Following up from our previous situational brief on Taiwan’s elections, some dramatic developments last week.
- The Kuomintang (KMT) and the Taiwan People’s Party (TPP), had agreed to field joint candidates in the upcoming presidential election, increasing the chances of the ruling Democratic Progressive Party (DPP) losing power.
- However, the panel of polling experts chosen by the parties was unable to reach an agreement on who will lead the joint ticket.
- The experts recommended continuing the discussion at a later date.
- The candidate registration deadline is November 24, and there is still the possibility of a last minute deal.
Taiwan’s two main opposition parties, the Kuomintang (KMT) and the Taiwan People’s Party (TPP), had reached an agreement to field joint candidates in the upcoming presidential election. This deal significantly increased the chances of the ruling Democratic Progressive Party (DPP) losing power. The KMT has nominated former police chief and New Taipei City mayor Hou Yu-ih, while the TPP has put forward former Taipei mayor Ko Wen-je.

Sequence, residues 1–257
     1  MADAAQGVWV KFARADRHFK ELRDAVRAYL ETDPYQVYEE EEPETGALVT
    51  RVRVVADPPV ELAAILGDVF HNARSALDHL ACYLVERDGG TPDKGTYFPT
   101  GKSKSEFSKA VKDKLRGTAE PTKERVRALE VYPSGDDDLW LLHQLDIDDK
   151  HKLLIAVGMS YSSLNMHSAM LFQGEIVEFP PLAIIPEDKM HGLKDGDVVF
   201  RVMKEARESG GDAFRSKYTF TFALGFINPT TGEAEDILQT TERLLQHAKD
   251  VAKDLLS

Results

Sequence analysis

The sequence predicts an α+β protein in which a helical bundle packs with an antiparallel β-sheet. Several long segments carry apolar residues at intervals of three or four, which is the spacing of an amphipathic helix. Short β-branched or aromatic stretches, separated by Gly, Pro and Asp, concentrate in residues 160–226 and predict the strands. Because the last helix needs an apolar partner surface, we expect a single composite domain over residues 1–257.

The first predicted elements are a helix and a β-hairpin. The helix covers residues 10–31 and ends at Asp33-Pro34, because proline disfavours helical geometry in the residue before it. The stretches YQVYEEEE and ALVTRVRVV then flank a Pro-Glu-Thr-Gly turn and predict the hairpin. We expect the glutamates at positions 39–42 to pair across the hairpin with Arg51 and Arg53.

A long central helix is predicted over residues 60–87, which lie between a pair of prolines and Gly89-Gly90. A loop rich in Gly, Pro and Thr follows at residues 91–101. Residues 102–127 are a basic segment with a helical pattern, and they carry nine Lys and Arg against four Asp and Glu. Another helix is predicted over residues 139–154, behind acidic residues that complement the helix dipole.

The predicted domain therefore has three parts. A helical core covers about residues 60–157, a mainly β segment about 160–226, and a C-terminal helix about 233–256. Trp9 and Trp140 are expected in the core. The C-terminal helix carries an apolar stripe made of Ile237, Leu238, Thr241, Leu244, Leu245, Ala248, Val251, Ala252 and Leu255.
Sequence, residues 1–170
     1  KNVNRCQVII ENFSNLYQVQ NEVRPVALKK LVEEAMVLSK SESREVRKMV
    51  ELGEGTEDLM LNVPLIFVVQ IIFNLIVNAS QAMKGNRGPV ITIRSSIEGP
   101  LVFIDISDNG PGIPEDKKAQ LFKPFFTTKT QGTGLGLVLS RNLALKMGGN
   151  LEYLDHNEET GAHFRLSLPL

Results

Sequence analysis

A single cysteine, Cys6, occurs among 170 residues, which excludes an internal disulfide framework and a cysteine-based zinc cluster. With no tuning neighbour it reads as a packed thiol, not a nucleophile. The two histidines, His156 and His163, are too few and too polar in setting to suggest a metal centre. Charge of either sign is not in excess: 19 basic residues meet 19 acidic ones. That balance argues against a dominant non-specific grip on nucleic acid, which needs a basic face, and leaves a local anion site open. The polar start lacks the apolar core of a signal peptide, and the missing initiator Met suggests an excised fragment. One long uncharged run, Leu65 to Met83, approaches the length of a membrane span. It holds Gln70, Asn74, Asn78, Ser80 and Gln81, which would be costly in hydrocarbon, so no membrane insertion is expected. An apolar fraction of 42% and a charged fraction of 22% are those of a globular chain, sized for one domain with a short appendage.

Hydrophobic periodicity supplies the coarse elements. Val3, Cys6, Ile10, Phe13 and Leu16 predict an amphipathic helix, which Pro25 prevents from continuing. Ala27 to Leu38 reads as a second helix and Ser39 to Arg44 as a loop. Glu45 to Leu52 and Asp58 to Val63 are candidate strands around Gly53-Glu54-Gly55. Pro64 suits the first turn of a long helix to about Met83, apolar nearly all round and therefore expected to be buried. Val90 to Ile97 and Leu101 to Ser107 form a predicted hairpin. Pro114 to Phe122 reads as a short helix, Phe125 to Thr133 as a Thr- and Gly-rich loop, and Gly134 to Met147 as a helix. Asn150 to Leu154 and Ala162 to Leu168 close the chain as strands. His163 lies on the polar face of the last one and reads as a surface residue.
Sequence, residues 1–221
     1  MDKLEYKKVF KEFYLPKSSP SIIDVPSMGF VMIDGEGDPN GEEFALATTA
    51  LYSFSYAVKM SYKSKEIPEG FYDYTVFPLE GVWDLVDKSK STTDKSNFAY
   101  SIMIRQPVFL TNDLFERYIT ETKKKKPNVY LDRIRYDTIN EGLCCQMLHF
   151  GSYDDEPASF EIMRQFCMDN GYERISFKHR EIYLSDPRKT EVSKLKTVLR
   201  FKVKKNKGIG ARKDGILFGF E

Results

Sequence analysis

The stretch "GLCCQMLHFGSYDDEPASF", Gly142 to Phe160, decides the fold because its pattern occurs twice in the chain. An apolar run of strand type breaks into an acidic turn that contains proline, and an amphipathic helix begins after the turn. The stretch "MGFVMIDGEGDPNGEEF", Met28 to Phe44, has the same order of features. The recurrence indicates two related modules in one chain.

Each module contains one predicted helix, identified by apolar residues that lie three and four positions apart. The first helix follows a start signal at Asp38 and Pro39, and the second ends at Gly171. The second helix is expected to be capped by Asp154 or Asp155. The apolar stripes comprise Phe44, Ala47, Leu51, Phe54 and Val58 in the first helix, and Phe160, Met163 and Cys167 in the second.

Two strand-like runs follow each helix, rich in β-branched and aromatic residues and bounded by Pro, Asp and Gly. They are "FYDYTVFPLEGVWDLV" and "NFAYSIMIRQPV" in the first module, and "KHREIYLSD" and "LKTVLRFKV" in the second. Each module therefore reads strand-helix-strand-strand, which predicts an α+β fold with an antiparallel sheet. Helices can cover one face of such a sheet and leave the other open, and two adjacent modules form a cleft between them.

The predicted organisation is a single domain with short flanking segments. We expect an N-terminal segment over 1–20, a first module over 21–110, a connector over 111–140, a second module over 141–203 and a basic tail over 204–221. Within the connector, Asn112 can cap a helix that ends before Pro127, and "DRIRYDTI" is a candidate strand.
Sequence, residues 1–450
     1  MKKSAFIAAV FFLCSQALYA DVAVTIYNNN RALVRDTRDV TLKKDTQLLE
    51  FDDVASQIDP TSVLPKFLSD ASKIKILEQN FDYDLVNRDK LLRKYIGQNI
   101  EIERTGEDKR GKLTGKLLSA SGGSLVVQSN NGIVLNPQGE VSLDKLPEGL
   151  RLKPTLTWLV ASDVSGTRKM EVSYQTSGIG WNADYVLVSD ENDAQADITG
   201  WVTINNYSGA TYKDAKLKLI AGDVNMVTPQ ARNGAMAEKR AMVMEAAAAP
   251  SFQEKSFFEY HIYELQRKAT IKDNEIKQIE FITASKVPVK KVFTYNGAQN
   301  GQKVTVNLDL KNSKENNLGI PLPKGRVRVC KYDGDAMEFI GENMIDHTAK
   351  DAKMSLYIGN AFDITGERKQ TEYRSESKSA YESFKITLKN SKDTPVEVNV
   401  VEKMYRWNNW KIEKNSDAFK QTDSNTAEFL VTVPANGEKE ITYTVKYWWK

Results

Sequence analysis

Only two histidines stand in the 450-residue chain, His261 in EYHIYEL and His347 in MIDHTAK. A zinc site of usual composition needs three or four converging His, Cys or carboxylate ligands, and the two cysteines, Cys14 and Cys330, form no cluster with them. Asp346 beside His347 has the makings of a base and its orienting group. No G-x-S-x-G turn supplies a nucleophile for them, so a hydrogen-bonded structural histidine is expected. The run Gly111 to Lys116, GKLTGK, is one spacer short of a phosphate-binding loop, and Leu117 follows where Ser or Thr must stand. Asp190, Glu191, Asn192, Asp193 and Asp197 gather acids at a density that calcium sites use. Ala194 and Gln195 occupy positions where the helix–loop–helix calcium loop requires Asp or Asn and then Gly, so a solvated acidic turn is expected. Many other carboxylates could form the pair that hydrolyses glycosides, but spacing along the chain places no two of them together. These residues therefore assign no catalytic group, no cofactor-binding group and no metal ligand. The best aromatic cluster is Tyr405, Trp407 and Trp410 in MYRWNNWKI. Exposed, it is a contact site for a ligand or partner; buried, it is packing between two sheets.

Both candidates have expressed a desire to resume dialogue with China. The decision on who will lead the joint ticket was to be based on the candidates’ support ratings, determined by a panel of three polling experts chosen by the KMT, TPP, and former president Ma Ying-jeou. These experts were to review publicly released polls conducted between November 7 and 17, as well as internal polls conducted by the two parties, to reach a mutually acceptable result.
However, the polling experts were unable to come to an agreement, according to Hsiao Hsu-tsen, the director of the Ma Ying-jeou Foundation. The stalemate arose when the TPP representative objected to the inclusion of three out of the nine selected surveys, but did not specify the reasons. Hsiao stated that if the remaining six surveys were analyzed using the statistical margin of error, five of them would support a Hou-Ko ticket. But, if a 3-percentage-point margin was used as advocated by the TPP, the result would be a tie. The experts have recommended continuing the discussion at a later date.